November 26, 1943 – November 18, 2021
Forrest Craver was born in Gettysburg on November 26, 1943, Forrest, also known as “Chip,” was the son of Dorothy Meyer Craver and Forrest Eugene Craver Jr. He graduated from Gettysburg High School in 1961 and went on to receive his A.B. degree from Dickinson College in Carlisle, and his law degree from the University of Detroit in Detroit.
A life-long organizer, advocate and fundraiser for civil rights, human rights and social justice causes, he served for 10 years with the Institute of Cultural Affairs in the U.S. and Europe, and was among the organizers of the First Earth Day in 1970.
Over his 50-year career, Craver served as adviser and strategist to a diverse number of organizations ranging from the Mankind Project, to Planned Parenthood, and the National Council of Negro Women, the Shambala Center, and Christian Children’s Fund. Internationally, he played a key role in the anti-apartheid movement to free South Africa. Locally, he participated in organizing efforts to block initiatives to build a casino and racetrack near the Gettysburg National Military Park.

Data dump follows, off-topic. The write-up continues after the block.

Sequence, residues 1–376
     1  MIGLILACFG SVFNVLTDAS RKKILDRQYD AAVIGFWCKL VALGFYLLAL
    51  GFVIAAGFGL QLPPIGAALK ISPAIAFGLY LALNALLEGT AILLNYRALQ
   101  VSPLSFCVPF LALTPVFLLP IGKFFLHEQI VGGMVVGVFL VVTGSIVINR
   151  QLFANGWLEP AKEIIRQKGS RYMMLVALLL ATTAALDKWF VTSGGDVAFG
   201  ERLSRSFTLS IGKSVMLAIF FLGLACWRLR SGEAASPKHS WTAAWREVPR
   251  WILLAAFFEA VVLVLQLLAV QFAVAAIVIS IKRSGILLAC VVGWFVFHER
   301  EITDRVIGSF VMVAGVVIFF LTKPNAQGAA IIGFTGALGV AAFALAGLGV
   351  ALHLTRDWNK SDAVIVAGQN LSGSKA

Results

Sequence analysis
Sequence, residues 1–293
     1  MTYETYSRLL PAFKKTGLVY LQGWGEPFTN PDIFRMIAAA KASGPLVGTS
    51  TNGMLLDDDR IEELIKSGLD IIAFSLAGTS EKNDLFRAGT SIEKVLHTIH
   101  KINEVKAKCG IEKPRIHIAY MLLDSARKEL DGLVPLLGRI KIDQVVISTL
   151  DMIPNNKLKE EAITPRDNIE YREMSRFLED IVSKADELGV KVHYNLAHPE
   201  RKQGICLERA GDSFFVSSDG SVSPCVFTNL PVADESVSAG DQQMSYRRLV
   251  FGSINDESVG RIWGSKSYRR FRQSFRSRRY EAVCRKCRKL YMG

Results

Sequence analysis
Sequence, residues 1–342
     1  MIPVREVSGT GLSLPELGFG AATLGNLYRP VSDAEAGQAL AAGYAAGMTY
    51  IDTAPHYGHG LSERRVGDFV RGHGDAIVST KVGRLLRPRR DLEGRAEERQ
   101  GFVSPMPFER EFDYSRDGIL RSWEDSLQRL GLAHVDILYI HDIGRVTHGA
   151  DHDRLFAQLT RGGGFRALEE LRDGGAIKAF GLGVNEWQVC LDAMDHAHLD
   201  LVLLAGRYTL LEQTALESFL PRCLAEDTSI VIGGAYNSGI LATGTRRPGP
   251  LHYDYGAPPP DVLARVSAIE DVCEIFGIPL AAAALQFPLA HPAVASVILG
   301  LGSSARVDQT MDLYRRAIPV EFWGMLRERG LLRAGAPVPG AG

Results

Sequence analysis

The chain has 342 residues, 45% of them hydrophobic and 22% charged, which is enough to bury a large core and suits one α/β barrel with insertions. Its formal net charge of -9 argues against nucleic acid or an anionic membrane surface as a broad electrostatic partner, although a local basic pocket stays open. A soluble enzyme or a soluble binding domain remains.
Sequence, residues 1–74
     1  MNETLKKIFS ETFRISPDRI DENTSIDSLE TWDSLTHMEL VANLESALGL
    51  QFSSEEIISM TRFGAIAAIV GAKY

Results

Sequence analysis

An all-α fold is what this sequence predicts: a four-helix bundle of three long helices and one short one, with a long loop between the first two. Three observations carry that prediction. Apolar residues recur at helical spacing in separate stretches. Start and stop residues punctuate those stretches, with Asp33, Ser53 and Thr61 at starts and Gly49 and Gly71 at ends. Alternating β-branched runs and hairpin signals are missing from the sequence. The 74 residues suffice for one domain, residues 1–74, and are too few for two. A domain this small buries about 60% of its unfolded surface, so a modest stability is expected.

A captain in the 82nd Airborne Division in the ‘60s, Craver later became an active advocate and campaigner against the government’s use of Agent Orange, the defoliant and herbicide used in Vietnam and associated with various types of cancer.
Forrest is survived by his partner Prema Rose of Paonia, CO; his former wife, Susan Erickson of Denver; his sons, Andrew and Joshua Craver, also of Denver; his brother, Roger M. Craver of Chilmark, Massachusetts.; and six grandchildren.